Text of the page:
Oil spills cause a lot of damage to underwater communities affected by oil. The use of dispersants for oil spills is sometimes controversial due to misunderstandings about the principle of oil spill and the lack of knowledge of the limitations of alternative response techniques. These dispersants are chemical products specifically designed for marine cleaning. They are designed exclusively to deal with the problems associated with oil spills related to maritime affairs and the professional cleaning operations that follow spillage. Expanded marine technology has made it easier to deal with oil spill problems with improved oil spill dispersants
The main purpose of the spill oil spills is to remove spilled oil from the surface of the sea and transfer it to the water column where fast is diluted to harmful concentrations and then degraded. Dispersants reduce damage caused by floating oil to some resources such as seabirds and minimize damage that can be caused to shoreline susceptibility by spraying the dispersants onto the oil before it reaches the shore. However, the use of dispersants may present a small risk of temporary and local exposure to dispersed oil for some marine organisms.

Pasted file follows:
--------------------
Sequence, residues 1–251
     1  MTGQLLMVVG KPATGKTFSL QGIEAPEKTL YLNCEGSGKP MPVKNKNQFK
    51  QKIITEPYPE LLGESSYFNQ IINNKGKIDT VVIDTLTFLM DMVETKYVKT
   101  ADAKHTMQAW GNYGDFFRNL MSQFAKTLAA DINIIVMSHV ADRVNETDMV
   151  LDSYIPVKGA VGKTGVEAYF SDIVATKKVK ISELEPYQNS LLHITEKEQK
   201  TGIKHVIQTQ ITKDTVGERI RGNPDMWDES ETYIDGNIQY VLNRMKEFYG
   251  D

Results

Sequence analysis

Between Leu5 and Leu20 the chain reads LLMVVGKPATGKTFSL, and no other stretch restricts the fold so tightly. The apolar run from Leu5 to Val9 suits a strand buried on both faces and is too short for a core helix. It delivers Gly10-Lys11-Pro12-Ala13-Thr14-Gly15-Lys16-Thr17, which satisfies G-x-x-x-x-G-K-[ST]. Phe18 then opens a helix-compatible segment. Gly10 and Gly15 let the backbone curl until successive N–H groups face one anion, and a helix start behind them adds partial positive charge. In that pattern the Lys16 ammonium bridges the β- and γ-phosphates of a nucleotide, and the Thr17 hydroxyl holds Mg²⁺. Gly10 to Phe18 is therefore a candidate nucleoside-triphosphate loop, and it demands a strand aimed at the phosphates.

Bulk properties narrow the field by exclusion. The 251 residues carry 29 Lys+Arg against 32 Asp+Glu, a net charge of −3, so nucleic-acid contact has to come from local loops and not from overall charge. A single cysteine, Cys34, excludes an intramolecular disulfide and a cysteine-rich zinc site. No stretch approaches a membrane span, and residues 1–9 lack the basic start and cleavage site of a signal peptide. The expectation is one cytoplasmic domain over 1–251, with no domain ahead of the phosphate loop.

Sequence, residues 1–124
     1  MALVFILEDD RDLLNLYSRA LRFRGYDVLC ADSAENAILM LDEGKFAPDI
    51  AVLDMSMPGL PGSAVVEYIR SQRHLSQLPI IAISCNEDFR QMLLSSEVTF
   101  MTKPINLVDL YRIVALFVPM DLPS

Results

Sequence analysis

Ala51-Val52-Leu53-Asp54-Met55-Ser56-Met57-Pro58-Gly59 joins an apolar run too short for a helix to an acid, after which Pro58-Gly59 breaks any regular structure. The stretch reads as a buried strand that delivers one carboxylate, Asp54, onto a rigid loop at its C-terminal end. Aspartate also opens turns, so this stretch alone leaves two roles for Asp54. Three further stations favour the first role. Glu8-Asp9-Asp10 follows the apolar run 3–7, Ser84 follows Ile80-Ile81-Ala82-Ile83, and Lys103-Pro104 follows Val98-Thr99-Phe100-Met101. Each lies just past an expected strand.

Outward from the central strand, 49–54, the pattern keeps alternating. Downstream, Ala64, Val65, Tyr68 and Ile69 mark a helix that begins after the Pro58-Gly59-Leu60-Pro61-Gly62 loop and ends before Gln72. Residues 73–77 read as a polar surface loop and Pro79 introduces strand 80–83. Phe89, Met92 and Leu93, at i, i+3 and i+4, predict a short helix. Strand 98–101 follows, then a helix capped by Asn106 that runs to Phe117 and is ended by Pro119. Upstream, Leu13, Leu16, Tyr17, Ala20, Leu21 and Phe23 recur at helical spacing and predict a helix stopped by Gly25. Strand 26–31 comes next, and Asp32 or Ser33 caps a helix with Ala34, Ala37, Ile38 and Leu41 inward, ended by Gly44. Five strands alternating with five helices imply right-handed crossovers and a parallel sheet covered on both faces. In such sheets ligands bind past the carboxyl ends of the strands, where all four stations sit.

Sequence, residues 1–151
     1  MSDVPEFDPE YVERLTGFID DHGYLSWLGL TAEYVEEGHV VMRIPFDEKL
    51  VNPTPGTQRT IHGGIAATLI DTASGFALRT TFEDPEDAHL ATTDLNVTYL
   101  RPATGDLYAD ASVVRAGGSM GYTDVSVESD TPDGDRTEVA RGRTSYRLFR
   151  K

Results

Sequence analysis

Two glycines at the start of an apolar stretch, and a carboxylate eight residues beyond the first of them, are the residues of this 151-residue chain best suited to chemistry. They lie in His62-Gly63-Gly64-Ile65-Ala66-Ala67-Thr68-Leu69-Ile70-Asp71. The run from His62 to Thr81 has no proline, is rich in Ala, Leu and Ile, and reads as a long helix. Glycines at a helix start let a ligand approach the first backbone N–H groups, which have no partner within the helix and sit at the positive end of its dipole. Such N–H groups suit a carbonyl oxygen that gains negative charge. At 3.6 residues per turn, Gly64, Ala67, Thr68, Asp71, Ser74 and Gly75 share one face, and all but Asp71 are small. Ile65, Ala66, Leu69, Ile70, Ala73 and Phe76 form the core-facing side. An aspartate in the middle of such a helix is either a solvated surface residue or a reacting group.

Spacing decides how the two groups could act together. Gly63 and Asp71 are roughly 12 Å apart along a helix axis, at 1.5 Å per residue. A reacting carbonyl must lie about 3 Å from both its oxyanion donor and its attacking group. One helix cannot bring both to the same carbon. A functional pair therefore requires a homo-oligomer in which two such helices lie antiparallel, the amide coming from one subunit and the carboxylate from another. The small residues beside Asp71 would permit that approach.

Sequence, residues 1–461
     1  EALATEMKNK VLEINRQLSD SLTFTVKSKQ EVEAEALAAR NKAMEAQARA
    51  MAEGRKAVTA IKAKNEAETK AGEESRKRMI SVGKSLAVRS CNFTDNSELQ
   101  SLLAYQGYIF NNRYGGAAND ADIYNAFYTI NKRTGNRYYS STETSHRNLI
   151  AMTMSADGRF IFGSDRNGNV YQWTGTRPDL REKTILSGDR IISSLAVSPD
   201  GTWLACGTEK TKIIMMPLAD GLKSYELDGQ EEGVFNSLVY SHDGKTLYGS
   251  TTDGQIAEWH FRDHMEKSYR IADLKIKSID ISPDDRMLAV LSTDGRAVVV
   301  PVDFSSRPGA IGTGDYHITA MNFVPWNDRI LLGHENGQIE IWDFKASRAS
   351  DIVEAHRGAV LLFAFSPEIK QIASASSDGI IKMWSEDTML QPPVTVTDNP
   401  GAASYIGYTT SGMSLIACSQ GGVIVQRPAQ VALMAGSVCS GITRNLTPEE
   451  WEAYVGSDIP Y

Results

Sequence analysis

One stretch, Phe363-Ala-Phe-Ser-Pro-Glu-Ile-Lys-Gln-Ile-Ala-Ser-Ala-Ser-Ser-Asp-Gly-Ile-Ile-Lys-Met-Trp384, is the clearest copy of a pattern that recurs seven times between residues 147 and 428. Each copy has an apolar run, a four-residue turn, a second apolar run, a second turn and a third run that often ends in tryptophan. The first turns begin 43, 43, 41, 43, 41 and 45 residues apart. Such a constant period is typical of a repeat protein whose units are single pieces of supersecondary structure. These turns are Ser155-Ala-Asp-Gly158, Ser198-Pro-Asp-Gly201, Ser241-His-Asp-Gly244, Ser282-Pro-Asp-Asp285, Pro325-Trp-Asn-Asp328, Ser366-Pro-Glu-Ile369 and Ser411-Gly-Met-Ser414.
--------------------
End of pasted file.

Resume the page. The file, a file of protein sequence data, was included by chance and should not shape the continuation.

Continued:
Oil spill sprays do not work to remove oil from the water. Instead, they break big oil fields into much smaller pieces that make it easier for all marine creatures to deal with it. Below, the dispersants also facilitate the spreading of spilled oil more widely in the atmosphere. Although everyone's attention is to do everything possible to prevent oil entering the coastline, it is often overlooked that it has a great effect on marine underground organisms caused by oil. These days, robots are used underwater to spraying oil dispersing agents directly onto the oil as they spread to the ocean floor.
The use of oil spill dispersants is a controversial topic, as many people think they add to the damage caused by pollution. However, there are other groups of people who support its use, as this is the fastest and most effective means of reducing the damage likely to be caused by spillage. All the evidence gathered during thirty years of research shows that there is little risk for marine life when using dispersants compared to the direct effects of spillage. It has been scientifically proven that the use of dispersants can be an effective method for removing oil spills and is unlikely to cause oil spills to cause negative effects unless they are used in shallow waters or near particularly sensitive species  Even in cases where oil spill sprays can cause negative effects, the positive benefit from using them may exceed this in order to obtain a net environmental benefit. Nevertheless, any use of dispersants should be carefully planned and explained to anyone who might be affected by a spill